Kente is a type of cotton and silk fabric that is made by interweaving cloth strips. Native to the Akan ethnic group of south Ghana, kente originated in the Ashanti Kingdom, but has today been adopted by the people of other countries in West Africa.
The various colours in the kente cloth symbolise various aspects of life. Blue represents peace, love and harmony, while gold was mostly worn by kings in ancient times as a symbol of royalty, esteemed status, power, holiness and spiritual purity. Gold was also worn by the high priests of ancient times. Purple and pink were colours associated with women. Grey and white were symbols of holiness, healing, sanctification and cleansing rituals, and were worn mostly by priests and holy people. Black represents maturity and intensified spiritual energy. Green symbolises vegetation, growth and spiritual renewal. Maroon was associated with healing, while red reflected spiritual and political moods, death, bloodshed and sacrificial rites. Silver stands for purity, joy and serenity; while yellow is a symbol of wealth, royalty, fertility and preciousness.
Associated with royalty and the divine, kente cloth fabric was originally reserved for kings, and to be worn during special ceremonies and occasions. Kente is still worn only during important events in Ghana today, although anyone who can afford it is today free to adorn themselves with kente. Even with its widespread usage, Kente is still held in high esteem among the Akan people and Ghanaians in general.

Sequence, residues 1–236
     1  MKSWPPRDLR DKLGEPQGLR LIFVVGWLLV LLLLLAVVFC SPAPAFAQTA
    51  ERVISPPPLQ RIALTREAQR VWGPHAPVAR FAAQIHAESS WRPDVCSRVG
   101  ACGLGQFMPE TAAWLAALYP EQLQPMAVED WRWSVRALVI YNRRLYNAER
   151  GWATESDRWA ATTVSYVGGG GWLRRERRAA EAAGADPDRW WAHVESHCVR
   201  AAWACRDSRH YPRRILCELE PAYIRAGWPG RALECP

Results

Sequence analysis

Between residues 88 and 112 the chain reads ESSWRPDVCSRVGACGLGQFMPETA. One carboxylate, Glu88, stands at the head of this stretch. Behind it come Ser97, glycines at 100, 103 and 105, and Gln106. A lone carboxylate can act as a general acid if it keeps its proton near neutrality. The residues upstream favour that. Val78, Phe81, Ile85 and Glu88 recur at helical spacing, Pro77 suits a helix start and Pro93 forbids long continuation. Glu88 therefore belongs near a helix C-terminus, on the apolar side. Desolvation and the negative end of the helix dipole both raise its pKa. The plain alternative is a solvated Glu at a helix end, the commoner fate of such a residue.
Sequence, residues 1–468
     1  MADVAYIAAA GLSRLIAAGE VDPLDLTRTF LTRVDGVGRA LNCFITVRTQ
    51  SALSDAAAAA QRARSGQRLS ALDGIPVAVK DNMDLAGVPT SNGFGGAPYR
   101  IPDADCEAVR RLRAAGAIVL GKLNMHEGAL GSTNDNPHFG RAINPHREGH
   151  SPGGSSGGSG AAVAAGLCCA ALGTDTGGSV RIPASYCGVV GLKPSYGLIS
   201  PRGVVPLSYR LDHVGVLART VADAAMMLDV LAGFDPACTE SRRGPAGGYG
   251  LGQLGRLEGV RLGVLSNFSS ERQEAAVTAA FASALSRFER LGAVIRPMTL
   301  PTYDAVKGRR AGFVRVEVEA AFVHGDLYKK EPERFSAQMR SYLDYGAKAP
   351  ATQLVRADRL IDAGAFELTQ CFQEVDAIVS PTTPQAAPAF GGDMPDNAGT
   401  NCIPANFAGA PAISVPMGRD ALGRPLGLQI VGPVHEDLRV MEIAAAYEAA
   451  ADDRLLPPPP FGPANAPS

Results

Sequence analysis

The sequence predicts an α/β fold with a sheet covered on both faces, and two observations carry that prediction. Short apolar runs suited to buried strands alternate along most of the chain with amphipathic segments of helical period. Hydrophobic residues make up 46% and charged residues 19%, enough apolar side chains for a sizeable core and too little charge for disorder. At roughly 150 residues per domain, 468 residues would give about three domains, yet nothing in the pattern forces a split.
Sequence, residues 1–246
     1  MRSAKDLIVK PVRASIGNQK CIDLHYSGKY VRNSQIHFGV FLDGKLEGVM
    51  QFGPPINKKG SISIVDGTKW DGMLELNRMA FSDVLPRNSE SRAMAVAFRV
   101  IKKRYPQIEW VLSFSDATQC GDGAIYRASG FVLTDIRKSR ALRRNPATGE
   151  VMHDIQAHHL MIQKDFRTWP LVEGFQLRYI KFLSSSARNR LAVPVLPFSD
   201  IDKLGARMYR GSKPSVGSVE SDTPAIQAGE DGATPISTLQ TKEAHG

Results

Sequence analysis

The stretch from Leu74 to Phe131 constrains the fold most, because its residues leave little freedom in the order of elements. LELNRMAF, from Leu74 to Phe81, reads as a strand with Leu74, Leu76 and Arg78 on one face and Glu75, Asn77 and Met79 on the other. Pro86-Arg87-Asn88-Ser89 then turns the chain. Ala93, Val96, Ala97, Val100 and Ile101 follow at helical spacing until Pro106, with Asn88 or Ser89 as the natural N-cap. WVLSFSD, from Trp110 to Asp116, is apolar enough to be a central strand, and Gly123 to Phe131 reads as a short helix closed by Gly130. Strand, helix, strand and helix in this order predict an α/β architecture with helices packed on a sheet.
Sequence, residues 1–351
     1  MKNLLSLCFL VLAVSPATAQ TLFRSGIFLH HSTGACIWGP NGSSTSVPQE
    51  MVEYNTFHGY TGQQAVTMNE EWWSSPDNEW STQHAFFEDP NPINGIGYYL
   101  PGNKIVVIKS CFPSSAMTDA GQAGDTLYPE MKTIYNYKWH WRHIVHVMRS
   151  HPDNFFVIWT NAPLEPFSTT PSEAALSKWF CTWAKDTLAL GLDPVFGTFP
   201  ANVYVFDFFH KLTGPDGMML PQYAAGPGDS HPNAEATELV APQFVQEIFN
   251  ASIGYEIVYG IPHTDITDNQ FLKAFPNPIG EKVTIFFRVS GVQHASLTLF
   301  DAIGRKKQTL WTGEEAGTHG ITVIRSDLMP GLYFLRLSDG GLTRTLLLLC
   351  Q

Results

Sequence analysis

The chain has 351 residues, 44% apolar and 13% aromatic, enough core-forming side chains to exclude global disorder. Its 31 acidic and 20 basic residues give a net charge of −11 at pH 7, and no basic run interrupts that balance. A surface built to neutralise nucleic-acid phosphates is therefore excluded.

Kente is available in a range of attractive designs to choose from. For instance, Adweneasa kente is created by weaving weft designs into each available block of plain weave. As one of the most widely known and sought after fabrics in the whole of Africa, kente is more than just clothing. For Ghanaians, kente represents their history, oral literature, philosophy, political thought, religious beliefs, and aesthetic principles of life.
Today, kente fabric is commonly used in making graduation stoles in a variety of colours, styles and patterns. It is possible to have your own custom stole made out of kente, by choosing your own style, colour palette and lettering. Kente graduation stoles are hand-crafted by skilled weavers from Ghana for use both by domestic and foreign graduates.
The kente graduation stole is a vestment used to denote academic achievement – with an African touch. This is a cloth scarf-like garment that is worn over the shoulders and features the colours or insignia of the awarding institution. The colour of the kente graduation stole could either represent the general colour for Diploma or Certificate graduate, or may mean the faculty of the award.
Kente is today recognised by its dazzling bright multicoloured patterns, bold designs and geometric shapes and motifs. Kente is popular not only because of its beauty, but also for the symbolic significance of its motifs. Each cloth has its own unique name and meaning as reflected by motifs representing historical events, proverbs, individual achievements, oral literature, philosophical ideas, moral values, human behaviour and many more.